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Mayor Bloomberg Statement on Ed Koch

Friday, February 01, 2013

“Earlier today, New York City lost an irrepressible icon, our most charismatic cheerleader and champion, Edward I. Koch. He was a great mayor, a great man, and a great friend.  In elected office and as a private citizen, he was our most tireless, fearless, and guileless civic crusader. Through his tough, determined leadership and responsible fiscal stewardship, Ed helped lift the city out of its darkest days and set it on course for an incredible comeback. We will miss him dearly, but his good works – and his wit and wisdom – will forever be a part of the city he loved so much. His spirit will live on not only here at City Hall, and not only on the bridge the bears his name, but all across the five boroughs. 

“I’m expressing my condolences on behalf of all 8.4 million New Yorkers, and I know so many of them will be keeping Mayor Koch and his family and friends in their thoughts prayers. As we mourn Mayor Koch’s passing, the flags at all City buildings will be flying at half-staff in his memory.”

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Comments [4]

John Broe from Bronx, New York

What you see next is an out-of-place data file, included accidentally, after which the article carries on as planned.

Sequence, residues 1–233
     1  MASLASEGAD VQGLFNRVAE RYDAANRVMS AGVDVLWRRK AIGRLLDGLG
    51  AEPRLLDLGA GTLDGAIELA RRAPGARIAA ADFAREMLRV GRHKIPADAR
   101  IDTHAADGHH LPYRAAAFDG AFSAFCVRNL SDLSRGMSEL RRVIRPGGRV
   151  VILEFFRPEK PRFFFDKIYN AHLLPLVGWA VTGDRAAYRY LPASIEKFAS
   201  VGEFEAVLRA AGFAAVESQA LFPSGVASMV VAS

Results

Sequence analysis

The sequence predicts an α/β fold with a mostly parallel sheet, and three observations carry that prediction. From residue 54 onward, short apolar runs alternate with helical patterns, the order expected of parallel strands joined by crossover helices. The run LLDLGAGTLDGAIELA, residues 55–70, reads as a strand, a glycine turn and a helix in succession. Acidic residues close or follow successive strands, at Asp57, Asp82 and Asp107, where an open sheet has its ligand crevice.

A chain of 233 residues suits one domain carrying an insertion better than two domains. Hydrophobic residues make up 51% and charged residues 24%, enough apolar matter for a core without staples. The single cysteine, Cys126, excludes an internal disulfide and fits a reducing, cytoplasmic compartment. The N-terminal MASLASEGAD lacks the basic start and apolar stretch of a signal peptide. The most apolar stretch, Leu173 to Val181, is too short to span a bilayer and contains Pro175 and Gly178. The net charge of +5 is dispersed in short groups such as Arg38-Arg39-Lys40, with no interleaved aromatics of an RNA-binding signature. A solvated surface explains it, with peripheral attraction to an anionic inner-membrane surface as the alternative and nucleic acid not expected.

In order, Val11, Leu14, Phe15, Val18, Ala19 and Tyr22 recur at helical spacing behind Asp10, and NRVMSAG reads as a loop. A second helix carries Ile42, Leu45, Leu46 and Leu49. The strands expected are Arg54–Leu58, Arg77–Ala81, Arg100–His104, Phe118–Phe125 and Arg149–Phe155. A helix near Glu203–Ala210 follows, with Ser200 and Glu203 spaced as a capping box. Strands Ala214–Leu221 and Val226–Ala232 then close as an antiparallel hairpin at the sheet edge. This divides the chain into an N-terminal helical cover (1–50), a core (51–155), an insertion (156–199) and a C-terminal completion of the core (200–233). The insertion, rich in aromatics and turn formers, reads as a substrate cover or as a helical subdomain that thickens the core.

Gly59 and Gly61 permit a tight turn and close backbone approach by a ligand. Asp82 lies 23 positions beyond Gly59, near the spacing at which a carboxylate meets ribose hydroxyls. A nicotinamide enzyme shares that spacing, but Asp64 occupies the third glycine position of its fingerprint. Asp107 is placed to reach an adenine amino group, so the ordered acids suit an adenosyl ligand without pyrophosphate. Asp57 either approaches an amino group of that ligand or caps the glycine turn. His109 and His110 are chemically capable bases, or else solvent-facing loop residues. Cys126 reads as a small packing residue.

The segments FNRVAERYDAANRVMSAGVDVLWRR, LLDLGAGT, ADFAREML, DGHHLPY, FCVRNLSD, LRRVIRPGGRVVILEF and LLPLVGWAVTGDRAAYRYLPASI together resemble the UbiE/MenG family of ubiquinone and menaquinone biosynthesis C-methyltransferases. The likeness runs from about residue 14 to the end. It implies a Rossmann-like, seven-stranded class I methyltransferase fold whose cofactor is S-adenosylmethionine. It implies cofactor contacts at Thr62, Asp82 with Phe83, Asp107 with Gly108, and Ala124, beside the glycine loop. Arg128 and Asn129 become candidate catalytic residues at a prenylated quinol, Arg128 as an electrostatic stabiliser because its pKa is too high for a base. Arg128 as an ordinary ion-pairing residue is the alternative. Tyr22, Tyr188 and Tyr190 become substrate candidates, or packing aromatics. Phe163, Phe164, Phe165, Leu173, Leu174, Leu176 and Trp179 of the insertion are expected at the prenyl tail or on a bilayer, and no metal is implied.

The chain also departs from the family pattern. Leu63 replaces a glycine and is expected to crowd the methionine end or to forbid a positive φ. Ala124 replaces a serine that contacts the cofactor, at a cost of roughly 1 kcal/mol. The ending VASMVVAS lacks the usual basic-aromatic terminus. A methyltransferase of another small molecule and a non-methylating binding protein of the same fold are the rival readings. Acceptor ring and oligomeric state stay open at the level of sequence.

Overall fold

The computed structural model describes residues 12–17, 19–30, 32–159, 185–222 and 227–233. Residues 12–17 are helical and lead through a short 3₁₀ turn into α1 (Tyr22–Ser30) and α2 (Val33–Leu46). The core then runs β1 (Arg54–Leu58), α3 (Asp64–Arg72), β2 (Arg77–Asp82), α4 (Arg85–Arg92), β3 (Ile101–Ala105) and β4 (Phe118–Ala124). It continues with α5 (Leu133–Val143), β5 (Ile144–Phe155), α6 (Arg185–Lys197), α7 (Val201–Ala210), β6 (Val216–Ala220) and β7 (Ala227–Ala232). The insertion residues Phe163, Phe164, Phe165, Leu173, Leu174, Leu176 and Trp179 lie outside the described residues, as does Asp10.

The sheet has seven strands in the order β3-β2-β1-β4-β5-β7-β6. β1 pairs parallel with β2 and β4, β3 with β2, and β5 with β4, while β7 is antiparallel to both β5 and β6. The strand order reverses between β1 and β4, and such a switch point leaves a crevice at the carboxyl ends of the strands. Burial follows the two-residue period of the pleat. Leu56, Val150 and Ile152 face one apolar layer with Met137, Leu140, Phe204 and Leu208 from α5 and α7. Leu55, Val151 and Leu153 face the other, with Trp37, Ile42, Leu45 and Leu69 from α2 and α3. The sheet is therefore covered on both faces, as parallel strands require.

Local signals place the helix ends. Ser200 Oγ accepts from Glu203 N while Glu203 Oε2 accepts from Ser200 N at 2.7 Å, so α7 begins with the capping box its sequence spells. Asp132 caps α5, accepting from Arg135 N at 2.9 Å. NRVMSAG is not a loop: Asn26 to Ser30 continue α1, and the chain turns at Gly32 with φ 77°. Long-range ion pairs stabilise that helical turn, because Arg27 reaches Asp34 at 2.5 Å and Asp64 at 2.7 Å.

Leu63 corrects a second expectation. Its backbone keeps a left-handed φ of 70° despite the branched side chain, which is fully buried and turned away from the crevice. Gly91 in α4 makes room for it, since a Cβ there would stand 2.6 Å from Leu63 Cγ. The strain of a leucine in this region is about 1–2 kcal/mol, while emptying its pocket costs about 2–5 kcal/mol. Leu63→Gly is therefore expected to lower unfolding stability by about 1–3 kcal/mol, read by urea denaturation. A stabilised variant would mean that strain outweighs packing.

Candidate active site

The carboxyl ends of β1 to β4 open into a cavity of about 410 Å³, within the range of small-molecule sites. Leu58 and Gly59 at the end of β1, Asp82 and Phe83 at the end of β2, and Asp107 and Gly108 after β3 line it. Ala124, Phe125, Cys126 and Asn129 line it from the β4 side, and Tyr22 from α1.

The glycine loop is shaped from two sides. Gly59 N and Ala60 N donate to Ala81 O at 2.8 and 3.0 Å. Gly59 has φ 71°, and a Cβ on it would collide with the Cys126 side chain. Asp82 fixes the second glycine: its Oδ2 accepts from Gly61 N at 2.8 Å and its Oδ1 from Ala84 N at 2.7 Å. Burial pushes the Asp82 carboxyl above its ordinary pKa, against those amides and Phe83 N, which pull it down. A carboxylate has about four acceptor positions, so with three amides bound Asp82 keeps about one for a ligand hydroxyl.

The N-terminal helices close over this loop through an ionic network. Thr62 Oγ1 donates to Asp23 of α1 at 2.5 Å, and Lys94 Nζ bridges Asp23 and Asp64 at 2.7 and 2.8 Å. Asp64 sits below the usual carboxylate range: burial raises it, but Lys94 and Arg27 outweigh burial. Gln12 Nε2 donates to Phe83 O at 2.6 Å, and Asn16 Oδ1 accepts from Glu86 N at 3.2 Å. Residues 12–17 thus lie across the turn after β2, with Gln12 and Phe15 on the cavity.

When stating the mayors that shaped NYC Bloomberg mentioned Koch, Dinkins and himself. Deliberately not mentioning Giuliani. What a POS this guy is and it is so typical. Giuliani cleaned up the mess that Dinkins left behind. Dinkins was by far the worst Mayor NYC ever had.

Feb. 04 2013 02:13 PM
Margaret Dabraccio

Mr Bloomberg failed to mention that Edward I. Koch was the last Mayor of NYC legally elected to 3 terms, at a cost of way less than what Bloomberg spent for Ms. Quinn's term limits flip flop. Rest in peace, Ed Koch, in the eyes of many a New Yorker, you are the only one who deserves a bridge or section of roadway bearing your name.

Feb. 01 2013 04:44 PM
jeff koblenz from New York

I'm saddened; I'll miss not hearing his opinions on Bloomberg radio. He often helped me shape my own opinions on matters of importance!

Feb. 01 2013 04:41 PM
Aldith Clarke from Flatbush, Brooklyn, New York


Mayor Koch was one of the best person who managed New York City. I can remember when New York City experienced difficulties, and the Mayor's wise decision of asking the public employers to give back one day each paid period until he got seven days. This was how he borrowed money to keep the city going. However, when the city did better, he paid the city worker their money. The Mayor's decision helped in several ways, but most of all we had a job.

He will be missed for what he has offered and his out-spoken ways.

Feb. 01 2013 02:54 PM

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